With Earth Day taking place on Thursday 22nd April and this year’s theme being ‘Restore our Earth’ we decided to look at the eco-friendly benefits of buying rattan furniture over other materials such as wood or plastic.
This year’s theme – Restore our Earth not only reminds us of the harm that climate change is having on our planet but also looks at the rejection that we must adapt to the impact of climate change as the only option to combat the issue. Instead, we need to focus on natural system processes and emerging green technologies to restore the world’s ecosystem and rid our oceans of plastic waste.
What makes rattan so sustainable?
Rattan, a tree climbing vine-like plant can only exist growing amongst established trees in the tropical terrains of Asia, Africa, and Australia and is harvested without interrupting the structure or balance of the rainforest.
Typically used for furniture, the super vine not only benefits the rainforest but the atmosphere as well, converting CO2 into clean air. As a superior eco-friendly material, rattan has the ability to renew itself within five to seven years.
The production of sustainable rattan not only ensures long-term supply of the material, but also acts as a safeguard for ecosystem processes, endangered animal habitats and the livelihood of rural communities that have become reliant on this plant.
Compared to wood, rattan grows exceptionally quickly, at a rate of 2cm per day, this means the vine is fully grown and ready for harvest within two years – a process that can take up to 30 years when growing wood. Once harvested, the tip of the vine is re-planted so the plant can grow again and protect the forest from degradation.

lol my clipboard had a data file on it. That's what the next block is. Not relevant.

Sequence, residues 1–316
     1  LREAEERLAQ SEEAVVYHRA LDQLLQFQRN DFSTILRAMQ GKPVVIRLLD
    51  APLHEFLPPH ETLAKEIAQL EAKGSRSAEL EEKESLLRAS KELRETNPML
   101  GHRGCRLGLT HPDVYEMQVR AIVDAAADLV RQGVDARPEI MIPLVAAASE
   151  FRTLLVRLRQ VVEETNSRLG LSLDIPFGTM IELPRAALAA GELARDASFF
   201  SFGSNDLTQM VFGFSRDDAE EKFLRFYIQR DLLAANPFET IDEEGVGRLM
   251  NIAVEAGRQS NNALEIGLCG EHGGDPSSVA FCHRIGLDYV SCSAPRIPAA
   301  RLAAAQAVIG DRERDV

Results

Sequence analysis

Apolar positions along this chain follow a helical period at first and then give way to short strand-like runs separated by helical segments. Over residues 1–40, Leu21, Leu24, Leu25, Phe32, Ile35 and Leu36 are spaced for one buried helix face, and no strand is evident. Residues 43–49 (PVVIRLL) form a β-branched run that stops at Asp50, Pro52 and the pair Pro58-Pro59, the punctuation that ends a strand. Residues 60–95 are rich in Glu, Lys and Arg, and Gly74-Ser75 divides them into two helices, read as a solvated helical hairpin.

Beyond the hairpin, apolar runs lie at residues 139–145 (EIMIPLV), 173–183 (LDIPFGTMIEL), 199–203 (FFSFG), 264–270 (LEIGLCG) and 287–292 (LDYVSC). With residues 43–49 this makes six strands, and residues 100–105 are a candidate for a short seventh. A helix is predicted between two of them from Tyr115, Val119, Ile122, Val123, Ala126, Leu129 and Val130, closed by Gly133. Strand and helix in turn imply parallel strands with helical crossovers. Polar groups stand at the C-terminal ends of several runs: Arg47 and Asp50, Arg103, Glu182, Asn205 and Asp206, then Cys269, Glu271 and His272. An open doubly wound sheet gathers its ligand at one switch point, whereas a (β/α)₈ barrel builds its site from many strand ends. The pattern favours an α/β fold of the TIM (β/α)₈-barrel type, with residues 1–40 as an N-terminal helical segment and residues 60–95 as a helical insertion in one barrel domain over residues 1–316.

How is rattan harvested?
Rattan is much easier to harvest than other types of wood and is done by hand using a few simple tools, leaving the surrounding rainforest intact. This is essential for the re-growth of rattan that needs other trees and plants to climb up and grow.
The vine is cut into 13-foot lengths and left to dry in the sun without the use of industrial machinery. Once the drying process is complete the rattan is stored for seasoning and graded before being shipped to furniture manufacturers. The vine is remarkably flexible, an ideal property for making intricate designs for tables, chairs, and sofas.
Does rattan produce waste?
Unlike other materials that can produce a lot of waste during the manufacturing process, every part of the rattan vine is used to make durable, luxury furniture. The outer skin of the vine is peeled back and used for weaving items such as baskets, chair seats and tabletops while the solid core of the cane is cut into sections and steamed, making it easier to manipulate into shape. Containing nothing but recyclable fibres, rattan doesn’t emit harmful gases into the atmosphere, helping to reduce our carbon footprint.
Is rattan biodegradable?
Unlike synthetic furniture, natural rattan is 100% biodegradable meaning it will naturally decompose without causing harm to the environment. However, you should be mindful of any finishes that may have been applied to your furniture during the manufacturing process and make sure you dispose of any old or unwanted furniture at your local recycling centre.
What is Desser and Co’s commitment to sourcing sustainable rattan?
At Desser and Co we take great care in sourcing all our natural, quality rattan in Indonesia, working closely with local factories and growers to protect its stunning landscape. Rattan farming provides a sustainable income to some of the poorest people living on the fringes of the forests, helping generate employment and build communities.